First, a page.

Even now, despite their extravagant stage clothing, there have been few wild spending sprees on the luxuries, which the group are well able to afford. Jim Lea's bought his house, and Dave Hill is the proud possessor of Jensen car.

But that Jensen!

Well, as Nod once remarked about Dave, "He's son of mad in a way. Whatever anybody says about him he don't care. He just goes along in his own sweet way". So if you ever see a Jensen with the registration number YOB 1, you can bet you'll see Dave Hill, extrovert lead guitarist, inside. That registration plate must be just one of Dave's ways of cocking his nose at all those early mockers.

Mind you, as I said, Noddy, Dave, Jim and Don like a bit of booze, and you may have read the odd interview when one of them has been reported missing - a casualty of a shocking hangover.

The days of Guinness and brown ale are well past now, and any lucky young lady spending an evening with one of them is more likely to find her escort pouring Scotch and Coke down his throat. And if you ever get a real close-up of Don Powell's drum kit on stage, when he's bashing out that solid beat so essential to Slade's sound, then you're also very likely to see a tregnum bottle of Long John Whisky next to his drum seat a bit of light refreshment for when he's feeling a trifle dry.

If you haven't seen one already, try to seek out a pop magazine photo of Don and Noddy getting their award for being Radio Luxembourg's 1972 "Group of the Year"- yes, they copped that one too. They're drinking something that looks like champers, but I wonder if they wouldn't have rather had a glass of something from up John '0 Groat's way.

You know, you really are just as much a part of Slade as Noddy, Dave, Jim and Don.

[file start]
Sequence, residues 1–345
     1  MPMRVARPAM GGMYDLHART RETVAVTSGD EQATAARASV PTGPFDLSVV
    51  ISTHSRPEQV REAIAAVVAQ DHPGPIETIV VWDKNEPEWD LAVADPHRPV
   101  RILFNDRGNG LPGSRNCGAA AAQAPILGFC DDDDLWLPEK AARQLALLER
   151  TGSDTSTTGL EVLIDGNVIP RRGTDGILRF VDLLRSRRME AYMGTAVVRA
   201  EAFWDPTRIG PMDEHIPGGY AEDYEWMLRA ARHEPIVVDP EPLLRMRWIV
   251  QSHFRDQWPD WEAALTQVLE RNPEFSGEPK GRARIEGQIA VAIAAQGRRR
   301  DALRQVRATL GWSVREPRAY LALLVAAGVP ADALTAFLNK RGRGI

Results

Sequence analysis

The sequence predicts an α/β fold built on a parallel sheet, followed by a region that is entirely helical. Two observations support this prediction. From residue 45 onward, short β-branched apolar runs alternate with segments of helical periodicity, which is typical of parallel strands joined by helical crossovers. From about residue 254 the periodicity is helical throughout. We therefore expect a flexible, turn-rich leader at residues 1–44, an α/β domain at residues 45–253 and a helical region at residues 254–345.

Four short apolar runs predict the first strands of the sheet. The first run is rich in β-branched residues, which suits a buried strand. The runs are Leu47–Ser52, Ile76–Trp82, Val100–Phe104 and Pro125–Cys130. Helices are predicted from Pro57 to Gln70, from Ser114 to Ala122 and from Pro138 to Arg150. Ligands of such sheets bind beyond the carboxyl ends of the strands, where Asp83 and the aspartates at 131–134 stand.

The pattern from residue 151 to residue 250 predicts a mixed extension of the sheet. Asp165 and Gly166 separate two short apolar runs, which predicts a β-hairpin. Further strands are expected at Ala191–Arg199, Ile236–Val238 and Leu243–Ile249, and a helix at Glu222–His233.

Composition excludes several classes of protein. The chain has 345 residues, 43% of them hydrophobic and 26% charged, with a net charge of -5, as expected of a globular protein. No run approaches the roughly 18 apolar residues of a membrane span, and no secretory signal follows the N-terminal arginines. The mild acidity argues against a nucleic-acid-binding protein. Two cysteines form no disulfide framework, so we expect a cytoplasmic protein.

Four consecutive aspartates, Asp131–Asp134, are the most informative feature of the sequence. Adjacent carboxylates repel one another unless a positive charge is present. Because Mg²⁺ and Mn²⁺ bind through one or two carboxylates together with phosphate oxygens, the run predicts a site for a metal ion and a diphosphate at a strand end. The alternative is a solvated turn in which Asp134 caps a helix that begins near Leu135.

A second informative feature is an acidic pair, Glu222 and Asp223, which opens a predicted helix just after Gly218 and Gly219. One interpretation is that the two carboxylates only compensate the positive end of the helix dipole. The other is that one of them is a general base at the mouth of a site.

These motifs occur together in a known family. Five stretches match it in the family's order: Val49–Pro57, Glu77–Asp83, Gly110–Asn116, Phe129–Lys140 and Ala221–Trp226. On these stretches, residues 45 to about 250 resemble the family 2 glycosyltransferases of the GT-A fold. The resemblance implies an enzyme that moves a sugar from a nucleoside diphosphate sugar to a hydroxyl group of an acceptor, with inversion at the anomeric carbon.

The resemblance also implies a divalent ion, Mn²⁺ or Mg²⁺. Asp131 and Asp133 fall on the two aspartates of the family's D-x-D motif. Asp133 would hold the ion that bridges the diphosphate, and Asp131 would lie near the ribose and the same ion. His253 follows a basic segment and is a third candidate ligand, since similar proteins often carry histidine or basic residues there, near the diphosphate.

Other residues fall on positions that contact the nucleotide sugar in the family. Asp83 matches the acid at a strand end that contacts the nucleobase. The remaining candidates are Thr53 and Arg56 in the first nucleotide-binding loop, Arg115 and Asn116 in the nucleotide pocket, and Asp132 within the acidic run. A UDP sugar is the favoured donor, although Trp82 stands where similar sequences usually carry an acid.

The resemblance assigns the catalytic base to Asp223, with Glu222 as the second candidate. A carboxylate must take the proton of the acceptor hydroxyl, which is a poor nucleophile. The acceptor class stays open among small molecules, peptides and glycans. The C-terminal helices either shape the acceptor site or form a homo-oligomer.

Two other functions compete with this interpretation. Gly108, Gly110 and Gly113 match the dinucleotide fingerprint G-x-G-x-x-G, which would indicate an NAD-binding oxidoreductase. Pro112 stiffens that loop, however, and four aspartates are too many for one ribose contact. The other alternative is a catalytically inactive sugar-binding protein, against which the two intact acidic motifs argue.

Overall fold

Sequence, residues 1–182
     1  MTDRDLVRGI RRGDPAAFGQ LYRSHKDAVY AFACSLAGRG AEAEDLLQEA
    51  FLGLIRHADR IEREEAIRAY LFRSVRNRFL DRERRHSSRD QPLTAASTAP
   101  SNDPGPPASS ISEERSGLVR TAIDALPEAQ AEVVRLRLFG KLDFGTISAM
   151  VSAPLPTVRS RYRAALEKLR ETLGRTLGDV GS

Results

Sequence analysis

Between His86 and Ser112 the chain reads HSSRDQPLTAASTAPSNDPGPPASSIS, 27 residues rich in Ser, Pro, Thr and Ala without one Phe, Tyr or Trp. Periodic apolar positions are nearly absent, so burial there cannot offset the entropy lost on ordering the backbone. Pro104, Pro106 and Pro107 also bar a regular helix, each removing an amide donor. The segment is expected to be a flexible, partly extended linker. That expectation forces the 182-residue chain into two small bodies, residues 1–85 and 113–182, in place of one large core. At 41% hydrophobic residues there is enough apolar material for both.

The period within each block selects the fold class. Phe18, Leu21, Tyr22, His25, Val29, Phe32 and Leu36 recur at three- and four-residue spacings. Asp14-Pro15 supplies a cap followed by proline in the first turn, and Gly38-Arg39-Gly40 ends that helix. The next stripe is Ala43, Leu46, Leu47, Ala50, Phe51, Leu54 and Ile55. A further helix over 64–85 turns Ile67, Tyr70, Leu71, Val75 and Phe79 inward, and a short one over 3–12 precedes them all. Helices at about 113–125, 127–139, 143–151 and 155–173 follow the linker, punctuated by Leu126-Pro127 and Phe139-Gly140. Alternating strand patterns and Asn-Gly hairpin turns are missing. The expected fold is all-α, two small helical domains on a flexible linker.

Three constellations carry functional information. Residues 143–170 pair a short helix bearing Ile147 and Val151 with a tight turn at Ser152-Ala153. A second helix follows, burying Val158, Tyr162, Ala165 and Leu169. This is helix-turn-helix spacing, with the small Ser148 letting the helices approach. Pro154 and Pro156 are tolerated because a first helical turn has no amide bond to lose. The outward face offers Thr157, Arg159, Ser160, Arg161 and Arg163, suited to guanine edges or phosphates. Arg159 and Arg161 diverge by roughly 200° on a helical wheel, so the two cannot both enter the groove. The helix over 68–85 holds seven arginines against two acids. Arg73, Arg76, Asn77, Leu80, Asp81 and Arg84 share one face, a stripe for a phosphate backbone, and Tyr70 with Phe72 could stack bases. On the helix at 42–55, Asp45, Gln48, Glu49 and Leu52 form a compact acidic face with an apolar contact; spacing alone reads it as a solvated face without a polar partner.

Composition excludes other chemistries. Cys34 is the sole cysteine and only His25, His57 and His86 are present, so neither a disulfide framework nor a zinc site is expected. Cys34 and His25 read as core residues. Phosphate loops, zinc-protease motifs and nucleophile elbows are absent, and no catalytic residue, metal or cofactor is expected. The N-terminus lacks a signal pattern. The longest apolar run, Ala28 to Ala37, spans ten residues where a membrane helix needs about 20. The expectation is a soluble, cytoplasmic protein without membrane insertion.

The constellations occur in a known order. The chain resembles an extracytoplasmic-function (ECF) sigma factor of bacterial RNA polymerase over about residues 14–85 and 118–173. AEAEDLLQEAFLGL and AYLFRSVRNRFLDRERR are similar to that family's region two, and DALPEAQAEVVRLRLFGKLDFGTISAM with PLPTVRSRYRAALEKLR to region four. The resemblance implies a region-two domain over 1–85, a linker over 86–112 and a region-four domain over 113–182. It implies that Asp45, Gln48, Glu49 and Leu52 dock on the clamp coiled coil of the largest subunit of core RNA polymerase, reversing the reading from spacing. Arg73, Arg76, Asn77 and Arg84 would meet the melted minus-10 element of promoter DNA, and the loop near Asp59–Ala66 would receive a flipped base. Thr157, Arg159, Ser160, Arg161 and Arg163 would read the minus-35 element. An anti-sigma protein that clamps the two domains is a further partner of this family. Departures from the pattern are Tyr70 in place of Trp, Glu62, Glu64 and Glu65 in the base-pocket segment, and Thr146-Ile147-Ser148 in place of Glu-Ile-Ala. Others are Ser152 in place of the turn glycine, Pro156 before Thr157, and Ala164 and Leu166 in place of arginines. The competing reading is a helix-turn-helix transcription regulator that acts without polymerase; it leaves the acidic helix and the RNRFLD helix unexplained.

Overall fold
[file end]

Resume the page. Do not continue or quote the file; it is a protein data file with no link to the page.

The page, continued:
You all have your ups and downs, and the aforementioned chart-stormers were down, way down for a long time. Noddy really feels that they were the most hated group during their skinhead era.

But even when they were just breaking into the Hall of Fame last summer a couple of silly things happened.

In the middle of June the group had just played "Take Me Bak 'Ome" on 'Top Of The Pops'. Afterwards, as usual, they went to the B.B.C. Club for a quick noggin. Now Mr. X, a well-known group musician and superb songwriter whose name must be suppressed to protect the guilty, was also in the Club. So Jim went up to X to compliment him on a performance he had seen in Southampton. Our mysterious musician friend then turned round and said, "Oh, yeah, they were the crap days. By the way I don't like your shirt." As if to make sure Jim had fully understood, Mr. X then poured a beer over him. To which Jim replied by doing the same back.
Our famous Friend, who has rather a reputation for occasionally acting in a peculiar manner, then preceded to take the huff at everything that the rest of Slade, who were trying to ease the situation, said. And when they decided to leave and Dave said "Tara mate", Mr. X said goodbye by getting hold of Dave's hair and swinging on it.
Enter Chas Chandler, who was grabbed by the shirt by the strangely behaving lad. Chas retaliated by grabbing him back and giving him a good talking to.